The legal definition of climate refugee protection is necessary

“Climate migrants” and “climate refugees” resounded loudly in conference rooms and panels during the UN Climate Conference (COP28) in Dubai last year. Prominent UN officials, outside stakeholders, academics, and activists dealing with the effects of climate change utilized these titles with great enthusiasm. I emphasized that these terms have no legal significance during a panel discussion and asked whether there should be any special legal rights for people who are displaced due to climate change. The panel organizers abruptly stopped answering my question, shocking the attendees.


My thoughts immediately turned to the many people I knew who had been displaced by climate change: the Ecuadoran refugees who came to New York in search of safety from the environmental unrest back home, the women in West Bengal’s Sundarban islands who were facing climate-related disasters but were unable to leave, and a large number of my Brooklyn neighbors who have regularly had their homes destroyed by heavy rains. They are all without any kind of international legal protection that would allow them to live honorable lives. Sadly, there is a wider pattern of denial reflected in the contemptuous response at COP28. Legal definitions of “climate refugees” have been the subject of intense global discussion for many years.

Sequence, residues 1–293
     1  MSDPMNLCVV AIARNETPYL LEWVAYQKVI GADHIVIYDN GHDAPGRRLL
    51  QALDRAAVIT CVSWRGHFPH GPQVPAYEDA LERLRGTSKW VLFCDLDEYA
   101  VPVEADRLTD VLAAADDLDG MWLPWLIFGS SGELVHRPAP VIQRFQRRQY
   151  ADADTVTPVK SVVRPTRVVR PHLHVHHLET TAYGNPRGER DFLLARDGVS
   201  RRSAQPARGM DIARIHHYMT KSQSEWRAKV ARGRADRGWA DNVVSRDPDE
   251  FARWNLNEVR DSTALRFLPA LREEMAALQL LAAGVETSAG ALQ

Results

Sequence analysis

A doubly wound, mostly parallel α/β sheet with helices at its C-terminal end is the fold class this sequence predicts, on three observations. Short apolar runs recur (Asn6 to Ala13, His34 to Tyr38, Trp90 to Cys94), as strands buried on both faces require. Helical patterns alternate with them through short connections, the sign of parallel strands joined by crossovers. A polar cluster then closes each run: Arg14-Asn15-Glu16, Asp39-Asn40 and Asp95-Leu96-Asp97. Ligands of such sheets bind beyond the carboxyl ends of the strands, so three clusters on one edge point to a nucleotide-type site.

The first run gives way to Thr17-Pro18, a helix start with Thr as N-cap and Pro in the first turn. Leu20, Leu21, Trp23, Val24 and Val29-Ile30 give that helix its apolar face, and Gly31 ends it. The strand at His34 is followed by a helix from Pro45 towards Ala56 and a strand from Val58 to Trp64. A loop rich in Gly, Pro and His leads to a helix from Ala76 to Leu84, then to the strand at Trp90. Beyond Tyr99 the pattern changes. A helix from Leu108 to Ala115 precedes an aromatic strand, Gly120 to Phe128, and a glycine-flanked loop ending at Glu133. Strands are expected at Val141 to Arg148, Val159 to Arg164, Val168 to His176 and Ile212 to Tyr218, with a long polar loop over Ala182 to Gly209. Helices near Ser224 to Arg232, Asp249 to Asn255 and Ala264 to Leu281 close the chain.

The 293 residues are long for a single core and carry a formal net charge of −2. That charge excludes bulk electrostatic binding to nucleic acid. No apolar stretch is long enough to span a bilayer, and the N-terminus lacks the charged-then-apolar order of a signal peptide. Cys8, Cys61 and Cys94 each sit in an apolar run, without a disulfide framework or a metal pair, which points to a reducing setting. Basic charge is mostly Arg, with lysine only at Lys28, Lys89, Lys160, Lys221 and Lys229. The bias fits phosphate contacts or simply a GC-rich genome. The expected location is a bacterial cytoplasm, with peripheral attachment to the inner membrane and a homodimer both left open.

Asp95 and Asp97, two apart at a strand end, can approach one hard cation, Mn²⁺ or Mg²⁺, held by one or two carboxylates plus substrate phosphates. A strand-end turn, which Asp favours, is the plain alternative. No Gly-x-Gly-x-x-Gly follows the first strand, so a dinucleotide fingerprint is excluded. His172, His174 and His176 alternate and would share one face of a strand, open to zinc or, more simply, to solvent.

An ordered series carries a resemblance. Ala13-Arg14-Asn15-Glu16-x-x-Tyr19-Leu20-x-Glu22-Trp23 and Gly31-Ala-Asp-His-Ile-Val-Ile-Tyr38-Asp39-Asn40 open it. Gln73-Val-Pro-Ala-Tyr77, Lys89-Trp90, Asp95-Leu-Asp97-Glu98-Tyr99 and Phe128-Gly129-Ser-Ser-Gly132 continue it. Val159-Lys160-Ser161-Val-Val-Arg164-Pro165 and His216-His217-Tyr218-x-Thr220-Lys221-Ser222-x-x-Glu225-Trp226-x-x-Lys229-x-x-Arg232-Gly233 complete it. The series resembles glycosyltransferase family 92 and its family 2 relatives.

A complex network of factors affect human movement, and critics frequently claim that blaming migration exclusively on climate change oversimplifies the issue. They contend that these definitions downplay the part that institutions, people’s reactions, and social settings play in turning environmental pressures into crises. Therefore, it is impossible to discriminate between economic migrants and climatic refugees due to this intricacy. Paradoxically, this argument actually continues to be made in tandem with projections that indicate 1.2 billion people (PDF) may experience displacement by 2050 as a result of risks associated with climate change.

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